I must mention a famous character of my upper school days. Tarzan - a red head from Llandybie, was a terror to some boys (and staff, I think), not only in our school but to members of visiting schools' Rugby teams. There were occasions when damage was done to Form VI room walls and furniture, and I remember that at the end of one school term, bills for repairs were enclosed with our "reports." Even Myer Cohen, a junior member of the Sixth, with all his inherent forensic skill, could not deny the justice of our punishment.

I find it difficult to stop reminiscing, but the space allotted to me has already been used up. My years in school were extremely happy. This must have been the experience of most of us. May the old school continue to be the same to future generations.


(Professor of Geography,
University of Durham)

It is now over ten years since I last saw the A.V.G.S. and over twenty since I left it, but on odd occasions remarkably vivid memories are conjured up by the impact of various incidents.

The most recent of these made its impression in May of this year in West Africa. At a small trading post on the border of Sierra Leone and Guiree three of us, dusty and thirsty, asked for something with which to wet our whistles. For the first time since 1936 or so I was offered Vimto, and was immediately transported to the tuckshop outside the school gates where a Mr. Davies on winter days dispensed small tots of Vimto and hot water to cold small boys. Most of my impressions of the school are equally random (but less concerned with the stomach)-of Amanwy, the caretaker and bard, either smilingly leaning on a broom and giving wise advice or irascibly bushing his eyebrows at some especial foolishness, of Mr. Comery and later "0. J." himself (if I may be irreverent) incredibly making one piano dominate a hallful of lusty voices raised in Blake's Jerusalem, of sleepy sunny lunch hours on the Gorsedd with once near friends-but I ramble.

Trying to impose coherence on my memories I end with an impression of a good school-and this is more than triteness. A good school, I am coming to believe, is a rare and precious thing. The size was right in that one remained an individual without being cossetted, and of course the buildings held the numbers for which they were designed. Discipline there was but neither Draconian nor variable. Teaching and training I am sure was good although then too many boys and girls left before full advantage could be taken of them. Without, as I recall, any cramming one had the chance of learning deeply and well in a whole range of subjects in the Arts and Sciences. Personally, I shall always owe much to D. T. Rosser (or Terra Rossa as he figures in one out of a collection of verses I composed and still have). Vicariously I took pride in the achievements of a series of wonderful Rugby teams, joined with others in the delights of Friday play readings, and the annual frenzied competition of the Eisteddfod. When one coukl do all this and more, live in sympathy or at least tolerance with one's masters and remember them even now very clearly as real human beings, then by any standards A.V.G.S. was a good school If offered indemnity, I might even produce the afore-mentioned verses as proof that even schoolboy wit was affectionate "au-fond." My set of School Magazines from 1932 to 1939 reinforces this impression of a real school with masters and children rather than an education factory with assembly line techniques and units of input and output. May it never change!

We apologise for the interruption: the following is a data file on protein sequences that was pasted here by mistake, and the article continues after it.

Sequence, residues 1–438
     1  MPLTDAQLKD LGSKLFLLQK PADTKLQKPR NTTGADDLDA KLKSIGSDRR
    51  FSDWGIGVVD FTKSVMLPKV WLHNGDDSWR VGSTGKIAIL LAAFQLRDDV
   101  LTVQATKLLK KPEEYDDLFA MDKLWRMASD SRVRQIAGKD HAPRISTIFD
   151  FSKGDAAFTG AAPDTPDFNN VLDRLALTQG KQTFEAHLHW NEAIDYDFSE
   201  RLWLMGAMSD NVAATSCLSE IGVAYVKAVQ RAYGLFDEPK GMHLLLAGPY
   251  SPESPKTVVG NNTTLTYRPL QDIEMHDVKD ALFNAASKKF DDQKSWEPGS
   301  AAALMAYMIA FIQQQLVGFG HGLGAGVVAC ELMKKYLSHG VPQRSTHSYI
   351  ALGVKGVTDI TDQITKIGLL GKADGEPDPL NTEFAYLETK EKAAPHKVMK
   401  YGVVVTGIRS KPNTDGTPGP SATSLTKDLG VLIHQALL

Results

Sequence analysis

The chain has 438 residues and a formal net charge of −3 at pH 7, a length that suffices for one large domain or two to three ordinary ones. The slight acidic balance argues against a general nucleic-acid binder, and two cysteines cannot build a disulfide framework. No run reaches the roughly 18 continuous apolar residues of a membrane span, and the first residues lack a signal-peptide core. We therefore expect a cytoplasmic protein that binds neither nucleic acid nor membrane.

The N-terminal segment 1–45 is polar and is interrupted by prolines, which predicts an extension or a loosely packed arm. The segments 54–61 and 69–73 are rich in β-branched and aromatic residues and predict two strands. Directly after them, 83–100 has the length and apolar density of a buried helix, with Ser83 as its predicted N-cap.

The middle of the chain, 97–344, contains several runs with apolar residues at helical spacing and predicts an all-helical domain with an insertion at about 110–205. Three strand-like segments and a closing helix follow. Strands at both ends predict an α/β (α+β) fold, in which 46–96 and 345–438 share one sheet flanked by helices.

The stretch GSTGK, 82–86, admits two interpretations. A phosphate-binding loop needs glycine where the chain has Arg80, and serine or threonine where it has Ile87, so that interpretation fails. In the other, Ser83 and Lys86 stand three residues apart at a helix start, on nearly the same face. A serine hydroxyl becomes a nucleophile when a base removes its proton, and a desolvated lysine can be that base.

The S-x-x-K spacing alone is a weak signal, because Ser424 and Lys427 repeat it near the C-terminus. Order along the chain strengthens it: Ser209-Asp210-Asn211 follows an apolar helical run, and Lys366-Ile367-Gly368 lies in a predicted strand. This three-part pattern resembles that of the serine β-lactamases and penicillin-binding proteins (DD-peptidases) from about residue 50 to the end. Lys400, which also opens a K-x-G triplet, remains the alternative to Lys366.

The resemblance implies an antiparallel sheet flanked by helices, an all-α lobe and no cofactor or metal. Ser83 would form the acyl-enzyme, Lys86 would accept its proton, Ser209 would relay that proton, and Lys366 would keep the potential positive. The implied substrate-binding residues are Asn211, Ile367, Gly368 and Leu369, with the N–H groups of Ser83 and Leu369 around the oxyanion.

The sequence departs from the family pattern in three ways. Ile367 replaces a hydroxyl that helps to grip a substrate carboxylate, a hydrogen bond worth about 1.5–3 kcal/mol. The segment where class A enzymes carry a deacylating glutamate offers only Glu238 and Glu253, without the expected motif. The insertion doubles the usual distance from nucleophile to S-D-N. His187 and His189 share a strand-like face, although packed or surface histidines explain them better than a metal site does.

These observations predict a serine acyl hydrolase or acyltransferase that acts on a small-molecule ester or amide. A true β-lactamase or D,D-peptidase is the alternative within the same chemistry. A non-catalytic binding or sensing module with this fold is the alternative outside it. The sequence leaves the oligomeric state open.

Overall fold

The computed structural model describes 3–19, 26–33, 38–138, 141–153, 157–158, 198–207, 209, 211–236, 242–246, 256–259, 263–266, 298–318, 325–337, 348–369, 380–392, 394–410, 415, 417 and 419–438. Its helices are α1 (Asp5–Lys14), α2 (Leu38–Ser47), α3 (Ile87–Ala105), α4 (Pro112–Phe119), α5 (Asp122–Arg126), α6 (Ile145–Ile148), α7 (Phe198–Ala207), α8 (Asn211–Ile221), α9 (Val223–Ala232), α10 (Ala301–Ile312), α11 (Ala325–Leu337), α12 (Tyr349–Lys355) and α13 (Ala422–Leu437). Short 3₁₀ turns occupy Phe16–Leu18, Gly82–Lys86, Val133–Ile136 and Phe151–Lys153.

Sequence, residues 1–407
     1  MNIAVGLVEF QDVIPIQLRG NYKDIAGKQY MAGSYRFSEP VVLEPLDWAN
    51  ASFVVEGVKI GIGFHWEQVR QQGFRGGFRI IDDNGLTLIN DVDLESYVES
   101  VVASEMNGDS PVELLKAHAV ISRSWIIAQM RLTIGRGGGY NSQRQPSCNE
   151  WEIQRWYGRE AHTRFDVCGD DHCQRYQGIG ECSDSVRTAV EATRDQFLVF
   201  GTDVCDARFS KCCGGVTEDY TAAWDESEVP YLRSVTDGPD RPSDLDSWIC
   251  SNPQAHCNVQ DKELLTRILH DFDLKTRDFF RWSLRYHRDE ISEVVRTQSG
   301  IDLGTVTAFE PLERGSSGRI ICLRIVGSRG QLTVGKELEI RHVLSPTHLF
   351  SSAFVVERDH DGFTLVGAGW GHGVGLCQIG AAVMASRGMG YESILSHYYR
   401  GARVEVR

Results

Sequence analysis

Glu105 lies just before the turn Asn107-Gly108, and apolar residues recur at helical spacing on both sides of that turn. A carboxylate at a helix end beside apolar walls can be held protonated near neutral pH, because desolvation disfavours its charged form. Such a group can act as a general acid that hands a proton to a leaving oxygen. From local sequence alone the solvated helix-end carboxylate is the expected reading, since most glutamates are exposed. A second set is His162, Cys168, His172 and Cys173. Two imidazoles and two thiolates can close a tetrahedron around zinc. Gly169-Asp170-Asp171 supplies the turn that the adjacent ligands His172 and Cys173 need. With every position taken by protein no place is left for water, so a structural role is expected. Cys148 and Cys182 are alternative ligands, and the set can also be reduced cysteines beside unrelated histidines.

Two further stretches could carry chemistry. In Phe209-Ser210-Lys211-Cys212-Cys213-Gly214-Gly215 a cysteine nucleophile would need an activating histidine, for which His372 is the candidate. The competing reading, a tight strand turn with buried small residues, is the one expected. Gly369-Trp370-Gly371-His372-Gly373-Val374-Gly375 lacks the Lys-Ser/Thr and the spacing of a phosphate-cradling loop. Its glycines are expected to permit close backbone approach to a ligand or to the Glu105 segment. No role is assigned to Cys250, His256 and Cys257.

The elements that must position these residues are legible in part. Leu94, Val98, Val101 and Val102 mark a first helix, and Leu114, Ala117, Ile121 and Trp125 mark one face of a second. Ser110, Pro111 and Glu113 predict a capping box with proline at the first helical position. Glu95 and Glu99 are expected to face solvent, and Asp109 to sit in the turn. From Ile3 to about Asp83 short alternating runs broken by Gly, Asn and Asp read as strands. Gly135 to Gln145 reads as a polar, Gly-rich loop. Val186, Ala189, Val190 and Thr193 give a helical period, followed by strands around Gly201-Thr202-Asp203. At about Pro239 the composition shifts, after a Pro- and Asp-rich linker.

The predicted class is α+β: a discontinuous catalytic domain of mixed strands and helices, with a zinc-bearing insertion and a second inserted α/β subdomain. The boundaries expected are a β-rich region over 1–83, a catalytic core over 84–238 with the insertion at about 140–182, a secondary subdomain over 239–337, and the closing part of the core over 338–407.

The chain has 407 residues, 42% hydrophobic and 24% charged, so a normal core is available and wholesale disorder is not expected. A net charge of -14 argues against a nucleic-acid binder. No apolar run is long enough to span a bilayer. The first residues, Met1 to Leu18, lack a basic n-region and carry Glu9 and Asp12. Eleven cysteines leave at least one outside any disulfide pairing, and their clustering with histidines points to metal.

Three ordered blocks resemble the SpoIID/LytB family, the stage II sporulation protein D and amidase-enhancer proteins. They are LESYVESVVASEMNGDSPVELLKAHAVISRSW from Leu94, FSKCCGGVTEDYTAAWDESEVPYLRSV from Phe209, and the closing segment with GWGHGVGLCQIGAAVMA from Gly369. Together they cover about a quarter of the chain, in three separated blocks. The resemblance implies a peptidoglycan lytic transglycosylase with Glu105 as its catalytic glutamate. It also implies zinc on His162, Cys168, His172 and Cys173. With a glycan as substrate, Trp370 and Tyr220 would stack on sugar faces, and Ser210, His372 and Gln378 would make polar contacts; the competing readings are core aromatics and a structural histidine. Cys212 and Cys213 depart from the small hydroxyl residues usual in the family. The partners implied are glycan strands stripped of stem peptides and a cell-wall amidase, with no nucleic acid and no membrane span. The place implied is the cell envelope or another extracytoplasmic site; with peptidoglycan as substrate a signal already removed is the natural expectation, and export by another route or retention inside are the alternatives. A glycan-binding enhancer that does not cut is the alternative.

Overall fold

My salutations for the half-century and best wishes for the centenary.


(University of Toronto, Canada)

A COUNTRY has many traditions and if, as often happens to anyone living away from home, I find myself talking about Wales to people of other countries, this word "tradition" is one which looms large. The conversation turns around such things as the tradition of choral music in Wales, of eistedd-fodau, the traditional hospitality and friendliness of the Welsh. But we have yet another tradition, one of which I have become increasingly aware and of which we should truly be proud. We have as a nation a desire and reverence for education, for the power of self-expression, for knowledge. Ours is a country where the local "bardd" is rightly esteemed, and the teacher a much-valued member of the community. This traditional respect for learning surely owes much to the excellence of the local school, to schools like the Amman Valley Grammar, now celebrating the fiftieth year of its founding.

It must be the exceptional pupil who is not aware on his first day at school that he is about to inherit something precious and to begin an experience in learning which will shape his whole life. For those first bewildering weeks he is something of an outsider, overtly conscious of his brand-new uniform and satchel, the very newness of which seems to emphasize how far he has to go before becoming one with this privileged community. Almost imperceptibly the process begins, the superficial changes which mark a growing identity with his surroundings. But of much greater significance is the way in which his mind develops and reaches out to grasp all the many things that are his to know. The next six or seven years will be a constant challenge, a series of rewards and disappointments, of feuds and of friendships. Above all, it will be a time when all the curiosity, creativeness and intelligence he naturally possesses will be given free play, stimulated and fostered. This indeed was my experience.